Special Forces Military Dog Breeds

The Vital Role of Military Working Dogs

Military working dogs have served alongside soldiers for centuries, providing vital services that support critical missions and help save lives. These highly trained canines use their powerful sense of smell, intelligence, athleticism, and loyalty to protect troops on the battlefield and safeguard civilians from harm.

From bomb detection to narcotics discovery, military working dogs fill indispensable roles that technology cannot replicate. Their partnership with handlers forms an unbreakable bond that keeps our armed forces and citizens secure. This article will explore the storied history, rigorous training, diverse duties, and lasting impact of these courageous four-legged forces.


Dogs have been utilized in warfare for thousands of years. The earliest recorded use of canines in combat was around 600 BC by the Egyptians, Greeks and Romans. For example, the ancient Greeks used large Molossian dogs to guard their armies and intimidate enemies in battle. According to the Wikipedia article on Dogs in Warfare, “The Molossian hound was renowned for its ferocity, and was specifically trained for war.”

Dogs continued to be used occasionally in warfare through the Middle Ages. However, it wasn’t until the late 19th and early 20th centuries that their military roles expanded substantially. As the AKC article Military Working Dogs: Canine War Heroes Through History explains, “The Prussian Army formed kennels to raise and train dogs for military purposes in the late 1800s…The Belgian Army followed suit in 1889.”

history of military working dogs

During World War I, dogs were employed by a number of militaries in a variety of roles, including as messengers, draft animals, sentries, and mine detectors. According to the Army Museums article A History of Military Working Dogs (MWDs), “An estimated 20,000 dogs were utilized on the Allied side.” Their service proved invaluable, increasing interest in expanded military canine programs.


The most common breeds used in military and special forces work include the German Shepherd, Belgian Malinois, Dutch Shepherd, and Labrador Retriever. These breeds are preferred for their intelligence, trainability, work ethic, sense of smell, athleticism, and adaptability to different environments and tasks.

The German Shepherd is considered one of the best all-around military dogs. Their versatility, courage, loyalty and obedience make them well-suited for a variety of roles from sentry to search and rescue. Belgian Malinois have become increasingly popular, known for their energetic drive and ability to quickly learn complex tasks. They thrive on having a job to do. Dutch Shepherds are similar to the Malinois in temperament and capabilities. Labrador Retrievers have an excellent sense of smell paired with an outgoing, gentle nature, making them perfect for detecting explosives.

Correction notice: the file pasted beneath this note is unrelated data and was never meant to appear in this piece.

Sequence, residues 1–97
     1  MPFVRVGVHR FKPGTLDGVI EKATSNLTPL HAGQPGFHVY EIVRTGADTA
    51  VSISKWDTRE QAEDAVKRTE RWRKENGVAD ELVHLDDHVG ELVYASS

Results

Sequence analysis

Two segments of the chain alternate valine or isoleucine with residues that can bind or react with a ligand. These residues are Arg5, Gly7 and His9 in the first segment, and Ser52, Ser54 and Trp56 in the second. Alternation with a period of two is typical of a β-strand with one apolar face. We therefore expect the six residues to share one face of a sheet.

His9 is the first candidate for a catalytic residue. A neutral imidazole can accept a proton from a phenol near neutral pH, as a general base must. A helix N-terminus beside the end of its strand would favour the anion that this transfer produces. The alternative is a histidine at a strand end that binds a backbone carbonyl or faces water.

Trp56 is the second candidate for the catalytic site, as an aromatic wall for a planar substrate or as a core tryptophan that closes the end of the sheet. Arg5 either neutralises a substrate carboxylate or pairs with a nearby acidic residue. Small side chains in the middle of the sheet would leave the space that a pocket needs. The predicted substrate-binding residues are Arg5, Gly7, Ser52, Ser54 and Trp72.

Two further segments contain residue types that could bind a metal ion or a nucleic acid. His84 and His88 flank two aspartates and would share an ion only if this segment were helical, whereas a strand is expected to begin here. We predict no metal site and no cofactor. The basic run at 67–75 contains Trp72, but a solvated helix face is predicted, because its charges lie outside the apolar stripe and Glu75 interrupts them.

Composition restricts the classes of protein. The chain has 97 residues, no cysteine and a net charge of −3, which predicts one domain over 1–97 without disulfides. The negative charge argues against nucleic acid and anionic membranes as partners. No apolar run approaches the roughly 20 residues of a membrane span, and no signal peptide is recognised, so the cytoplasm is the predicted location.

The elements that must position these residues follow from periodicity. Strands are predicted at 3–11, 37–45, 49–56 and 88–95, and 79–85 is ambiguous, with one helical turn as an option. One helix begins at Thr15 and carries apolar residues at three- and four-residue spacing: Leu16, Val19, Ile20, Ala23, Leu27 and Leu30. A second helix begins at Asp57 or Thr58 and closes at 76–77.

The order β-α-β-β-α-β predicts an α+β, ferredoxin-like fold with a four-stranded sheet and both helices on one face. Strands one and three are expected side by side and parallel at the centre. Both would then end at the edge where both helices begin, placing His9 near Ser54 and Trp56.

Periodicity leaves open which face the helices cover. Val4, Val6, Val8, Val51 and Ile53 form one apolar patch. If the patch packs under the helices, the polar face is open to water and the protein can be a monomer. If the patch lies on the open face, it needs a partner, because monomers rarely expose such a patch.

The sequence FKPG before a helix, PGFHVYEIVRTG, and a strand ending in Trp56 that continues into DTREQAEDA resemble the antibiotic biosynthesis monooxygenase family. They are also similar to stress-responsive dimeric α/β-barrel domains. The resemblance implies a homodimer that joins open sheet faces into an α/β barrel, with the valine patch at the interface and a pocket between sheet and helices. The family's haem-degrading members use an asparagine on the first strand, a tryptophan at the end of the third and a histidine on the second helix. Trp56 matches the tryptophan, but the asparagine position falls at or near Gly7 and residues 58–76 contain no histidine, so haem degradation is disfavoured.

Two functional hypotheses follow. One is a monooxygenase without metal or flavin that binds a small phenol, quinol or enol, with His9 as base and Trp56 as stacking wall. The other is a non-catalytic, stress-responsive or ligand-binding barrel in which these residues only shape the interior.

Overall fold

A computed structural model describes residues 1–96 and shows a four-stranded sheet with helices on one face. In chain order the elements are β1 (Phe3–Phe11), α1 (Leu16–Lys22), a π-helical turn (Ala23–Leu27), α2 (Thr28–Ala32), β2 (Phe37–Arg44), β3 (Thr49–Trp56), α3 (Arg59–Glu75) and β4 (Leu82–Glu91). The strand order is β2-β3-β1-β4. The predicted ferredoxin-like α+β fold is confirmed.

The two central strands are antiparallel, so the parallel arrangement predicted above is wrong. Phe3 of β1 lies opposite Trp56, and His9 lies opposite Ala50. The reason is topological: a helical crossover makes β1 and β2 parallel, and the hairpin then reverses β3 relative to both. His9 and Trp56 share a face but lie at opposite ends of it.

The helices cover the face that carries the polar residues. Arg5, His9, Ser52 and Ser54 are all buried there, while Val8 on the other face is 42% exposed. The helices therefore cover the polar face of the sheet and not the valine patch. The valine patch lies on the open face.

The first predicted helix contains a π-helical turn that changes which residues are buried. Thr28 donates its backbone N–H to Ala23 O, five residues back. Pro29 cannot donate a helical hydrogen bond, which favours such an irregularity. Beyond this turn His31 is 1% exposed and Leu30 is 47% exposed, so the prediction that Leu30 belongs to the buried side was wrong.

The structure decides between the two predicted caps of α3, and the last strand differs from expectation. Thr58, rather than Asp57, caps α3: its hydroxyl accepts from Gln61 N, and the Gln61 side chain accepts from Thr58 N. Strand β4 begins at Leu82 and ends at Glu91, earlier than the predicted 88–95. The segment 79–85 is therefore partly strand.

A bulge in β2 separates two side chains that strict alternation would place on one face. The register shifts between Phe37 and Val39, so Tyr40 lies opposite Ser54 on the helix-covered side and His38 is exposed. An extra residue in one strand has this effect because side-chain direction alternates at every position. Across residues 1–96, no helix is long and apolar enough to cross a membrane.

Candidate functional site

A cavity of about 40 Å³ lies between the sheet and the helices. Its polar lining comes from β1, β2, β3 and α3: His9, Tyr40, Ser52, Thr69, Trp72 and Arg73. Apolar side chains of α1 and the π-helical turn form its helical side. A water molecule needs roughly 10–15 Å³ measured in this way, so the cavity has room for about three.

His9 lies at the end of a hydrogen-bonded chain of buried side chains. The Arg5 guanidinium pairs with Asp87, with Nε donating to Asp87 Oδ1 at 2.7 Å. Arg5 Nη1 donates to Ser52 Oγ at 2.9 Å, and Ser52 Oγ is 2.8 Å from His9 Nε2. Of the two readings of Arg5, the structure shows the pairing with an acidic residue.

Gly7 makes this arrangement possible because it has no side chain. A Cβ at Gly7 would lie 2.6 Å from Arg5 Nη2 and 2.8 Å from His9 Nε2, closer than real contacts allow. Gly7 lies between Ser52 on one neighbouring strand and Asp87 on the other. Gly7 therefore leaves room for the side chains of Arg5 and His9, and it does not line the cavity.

common breeds used as military working dogs

In general, these breeds have the physical stamina, mental focus, trainability and temperament needed for the demanding roles required of military and special forces dogs. Their combination of intelligence, eagerness to work, and ability to respond well to training is what makes them so valuable.


Military working dogs perform a variety of critical roles to support troops and missions. Some of the main roles include:

Sentry Dogs: Also known as scout or patrol dogs. Sentry dogs are trained to detect and alert their handler to the presence of unauthorized people in an area (1). They help secure perimeters, buildings, camps and other sites.

Explosive Detection Dogs: These dogs are trained to detect explosives including landmines, IEDs, and unexploded ordnance. They help sweep areas to identify explosive devices and protect personnel (2).

Tracking Dogs: Tracking dogs use their powerful sense of smell to locate and follow specific human scents. They are used to find lost personnel, fugitives, and hidden enemies (3).

Other roles include search and rescue dogs, mine detection dogs, tactical dogs, and specialized dogs trained to detect drugs or electronic storage devices.


Military working dogs go through extensive training to prepare them for their roles. The training process focuses on conditioning them both physically and mentally to handle the demands of military work.

Physically, the dogs are exercised regularly to build strength, endurance and agility. They go on runs, do obstacle courses, and practice jumping and climbing. This physical conditioning is crucial for them to work long hours in harsh environments.

Mentally, the dogs are trained using positive reinforcement methods to teach obedience and focus. They learn commands through repetition and rewards like food, toys and praise. Some key commands include sit, stay, heel, attack, and cease. Trainers use patience and consistency to condition the dogs to respond reliably to commands in any situation.

Sociabilization is another critical part of training. The dogs are exposed to new sights, sounds, people, animals and environments so they remain calm and focused when deployed. Ongoing training maintains their conditioning throughout their career. With this tailored physical and mental preparation, military working dogs become highly skilled at their unique roles.